Myth Busters: Can a Man Get a UTI? 

Though men are less likely to contract a urinary tract infection (UTI), that doesn’t mean that it can’t happen. The internet is great because it provides patients the ability to research different infections and medical issues, however,  it also allows for misinformation to spread — creating commonly believed myths about male UTIs.

Because a UTI is one of the most commonly diagnosed infections, it makes sense that there are some misconceptions floating around. It is important to know the accurate information so that you will know how to avoid a UTI, and manage it effectively. Continue reading to learn the correct information as we debunk the top five myths about male UTIs.

What is a UTI? 

A UTI is a very common type of infection found in your urinary tract — and can involve your urethra, kidneys, ureters, or bladder. Typically, our urine does not contain bacteria, however, bacteria can find its way into the urinary system from outside of the body, causing the infection. A UTI can be cured in as quick as 48 hours with antibiotics, but if left untreated the infection can linger for up to a week, if not longer. 

Common Symptoms of a UTI

Urinary tract infections don’t always cause signs and symptoms. However, if symptoms are present, patients have reported feeling: 

  • Fever, tiredness, and shakiness
  • Pain or burning when you urinate
  • An urge to urinate often
  • Passing frequent, small amounts of urine
  • Pressure on your lower abdomen
  • Cloudy or reddish urine with an odor

Types of Urinary Tract Infections

There are three different types of urinary tract infections. The type of infection is dependent on which section of the urinary tract is infected.

  • Urethritis: An infection of the urethra (the tube through which urine leaves the body)
  • Cystitis: A bacterial infection in the bladder that often has moved up from the urethra
  • Pyelonephritis: An infection of the kidneys that has likely spread up the tract

5 Common Myths About Male UTIs

Now that you know what a UTI is, and its symptoms, let’s discuss and debunk the five most commonly believed myths about male UTIs. 

1. Male UTIs Are Caused by Poor Hygiene

A UTI is rarely an issue of poor hygiene for men or women —  even the most clean person can contract a urinary tract infection. 

Although good hygiene is important, remaining clean is not a guaranteed way to avoid a urinary tract infection. In fact, for men, poor hygiene is likely not the culprit at all, as men are far more likely to contract a UTI from medical issues — such as a urinary tract blockage. For women on the other hand, a good rule of thumb is to remember to wipe from front to back when you use the bathroom to avoid the transmission of bacteria to your urethra.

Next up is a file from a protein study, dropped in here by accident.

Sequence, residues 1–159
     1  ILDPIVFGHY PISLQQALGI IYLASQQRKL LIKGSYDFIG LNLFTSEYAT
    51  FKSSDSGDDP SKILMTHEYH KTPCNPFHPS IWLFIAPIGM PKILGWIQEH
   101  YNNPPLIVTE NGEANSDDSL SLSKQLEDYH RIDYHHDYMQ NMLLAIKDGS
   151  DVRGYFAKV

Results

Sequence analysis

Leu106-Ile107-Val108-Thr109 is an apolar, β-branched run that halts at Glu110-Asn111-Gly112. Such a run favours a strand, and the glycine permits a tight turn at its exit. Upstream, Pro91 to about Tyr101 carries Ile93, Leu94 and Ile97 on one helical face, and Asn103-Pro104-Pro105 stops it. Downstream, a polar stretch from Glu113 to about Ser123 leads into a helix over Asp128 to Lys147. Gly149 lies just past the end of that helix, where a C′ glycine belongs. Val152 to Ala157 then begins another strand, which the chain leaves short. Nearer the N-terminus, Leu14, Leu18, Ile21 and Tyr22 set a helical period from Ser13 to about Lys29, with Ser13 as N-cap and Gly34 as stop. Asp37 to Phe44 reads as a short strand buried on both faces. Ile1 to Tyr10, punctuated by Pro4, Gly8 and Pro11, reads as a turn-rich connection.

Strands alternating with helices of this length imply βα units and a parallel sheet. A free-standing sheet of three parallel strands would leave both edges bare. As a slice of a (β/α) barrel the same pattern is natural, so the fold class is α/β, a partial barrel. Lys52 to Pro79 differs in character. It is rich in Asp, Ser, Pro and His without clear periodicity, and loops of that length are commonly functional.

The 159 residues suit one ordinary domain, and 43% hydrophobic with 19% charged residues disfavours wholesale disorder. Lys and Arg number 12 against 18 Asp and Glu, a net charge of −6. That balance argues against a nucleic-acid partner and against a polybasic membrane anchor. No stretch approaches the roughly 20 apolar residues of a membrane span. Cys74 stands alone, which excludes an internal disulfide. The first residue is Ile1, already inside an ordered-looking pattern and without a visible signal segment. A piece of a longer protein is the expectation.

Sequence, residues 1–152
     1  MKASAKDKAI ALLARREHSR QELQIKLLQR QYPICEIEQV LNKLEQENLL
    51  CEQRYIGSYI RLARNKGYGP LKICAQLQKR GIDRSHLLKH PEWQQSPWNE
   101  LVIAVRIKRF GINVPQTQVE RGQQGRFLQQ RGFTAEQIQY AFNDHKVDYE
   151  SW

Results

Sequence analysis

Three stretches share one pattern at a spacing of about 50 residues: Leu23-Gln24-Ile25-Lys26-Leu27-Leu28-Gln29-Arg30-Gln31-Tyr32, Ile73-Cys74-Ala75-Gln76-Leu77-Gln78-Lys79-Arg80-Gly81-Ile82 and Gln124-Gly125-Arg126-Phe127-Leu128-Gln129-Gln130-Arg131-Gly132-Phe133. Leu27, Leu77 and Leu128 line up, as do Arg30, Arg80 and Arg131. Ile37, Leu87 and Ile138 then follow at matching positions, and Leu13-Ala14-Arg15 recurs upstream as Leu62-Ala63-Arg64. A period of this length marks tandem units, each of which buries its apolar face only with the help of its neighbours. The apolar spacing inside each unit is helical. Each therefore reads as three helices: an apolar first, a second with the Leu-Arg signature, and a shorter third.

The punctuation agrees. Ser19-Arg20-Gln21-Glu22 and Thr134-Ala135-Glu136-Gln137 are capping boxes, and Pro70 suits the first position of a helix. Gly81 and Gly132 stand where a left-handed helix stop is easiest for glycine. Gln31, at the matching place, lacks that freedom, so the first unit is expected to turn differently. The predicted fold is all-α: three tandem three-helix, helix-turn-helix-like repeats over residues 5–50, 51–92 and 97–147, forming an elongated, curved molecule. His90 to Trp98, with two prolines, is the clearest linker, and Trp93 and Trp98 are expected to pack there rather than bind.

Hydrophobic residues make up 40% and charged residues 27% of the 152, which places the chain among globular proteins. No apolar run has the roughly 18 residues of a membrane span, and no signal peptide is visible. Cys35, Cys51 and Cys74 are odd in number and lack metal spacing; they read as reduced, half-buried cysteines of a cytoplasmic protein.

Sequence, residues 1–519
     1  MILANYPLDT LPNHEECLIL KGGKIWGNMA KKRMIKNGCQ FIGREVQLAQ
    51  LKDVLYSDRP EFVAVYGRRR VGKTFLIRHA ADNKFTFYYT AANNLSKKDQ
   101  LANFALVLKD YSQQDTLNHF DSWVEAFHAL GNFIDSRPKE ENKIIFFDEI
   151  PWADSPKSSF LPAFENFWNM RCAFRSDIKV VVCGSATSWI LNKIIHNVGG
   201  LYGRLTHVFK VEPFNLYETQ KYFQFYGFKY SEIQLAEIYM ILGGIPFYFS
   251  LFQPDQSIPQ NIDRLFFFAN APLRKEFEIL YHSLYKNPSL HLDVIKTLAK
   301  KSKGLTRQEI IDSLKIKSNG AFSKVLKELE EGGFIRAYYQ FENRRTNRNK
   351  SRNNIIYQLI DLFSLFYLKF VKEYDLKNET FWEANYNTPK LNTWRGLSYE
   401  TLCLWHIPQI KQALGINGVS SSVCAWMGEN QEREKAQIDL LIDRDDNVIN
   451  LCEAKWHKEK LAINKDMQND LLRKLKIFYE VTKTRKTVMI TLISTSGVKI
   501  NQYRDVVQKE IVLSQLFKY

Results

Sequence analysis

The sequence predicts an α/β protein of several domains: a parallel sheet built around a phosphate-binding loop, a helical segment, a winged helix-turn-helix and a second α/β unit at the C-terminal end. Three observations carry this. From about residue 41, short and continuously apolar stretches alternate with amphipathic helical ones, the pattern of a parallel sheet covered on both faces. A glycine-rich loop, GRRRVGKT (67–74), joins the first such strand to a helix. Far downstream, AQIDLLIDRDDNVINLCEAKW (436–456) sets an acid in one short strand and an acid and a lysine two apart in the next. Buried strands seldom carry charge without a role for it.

2. Only Adults Can Get UTIs

This myth could not be farther from the truth. Children, and even babies can get a UTI just as adults can. In fact, children born with complications to their urinary tract are especially at risk for getting a UTI. However, just like adults, the infections will usually clear up quickly with treatment.

3. Cranberry Juice Can Resolve a UTI

Although this is a popular “home remedy” for a UTI, unfortunately, cranberry juice likely does not help with a UTI once it has developed. People believe this myth because there is scientific data behind it. For example, the substance found in cranberries, proanthocyanidins, helps bacteria from sticking to the walls of the bladder and urinary tract linings. 

However, doctors are still unsure if drinking cranberry juice or taking cranberry pills actually works to resolve a male UTI. If you think you’re having symptoms of a UTI, it’s best to consult with your doctor to be prescribed antibiotics that are proven to relieve your symptoms. 

4. UTIs Are Nothing to Worry About and Should be Ignored

Though lower UTIs (Urethritis and Cystitis) are more common and usually not a sign of major concern, upper UTIs (Pyelonephritis) can become very serious if left untreated. Not seeking the proper medical help can result in your UTI damaging your kidneys or spreading to your bloodstream. 

No medical issue should ever be ignored. Although a UTI will likely go away on its own within about a week, symptoms may become too persistent to not seek medical assistance. Additionally, the infection will go away quickly with prescribed antibiotics, rather than being left untreated to linger for longer periods of time. 

5. Only Women Can Get UTIs

This is simply not true. Men can still contract UTIs, although they are far more common in women. In fact, an estimated 60% of women will experience symptoms of a UTI, while only 12% of men have at least one UTI in their lifetime. This is due to the urethra (the tube from the bladder where urine exits the body) being shorter for women than it is for men. This makes it a lot easier for bacteria to get into the bladder. 

How Men Can Prevent a UTI

Even though sometimes UTIs are inevitable, there are some things that men can do to try and prevent an infection from occurring. These preventative measures include: 

  • Don’t hold in urine for an extended period of time
  • Drink water to flush your kidneys 
  • Urinate after sex to flush bacteria from the urethra

If You’re Experiencing UTI Symptoms, Contact Your Nearest USOC 

There’s no denying that symptoms of a male UTI can be uncomfortable, annoying, and sometimes even embarrassing. If you, or someone you know is experiencing symptoms of a UTI — find your nearest Urology Specialist of the Carolinas location and schedule an appointment with one of our incredible urologists. They will be able to professionally diagnose your symptoms and curate a treatment plan that’ll have you feeling better in no time. Use the button below to schedule your appointment!

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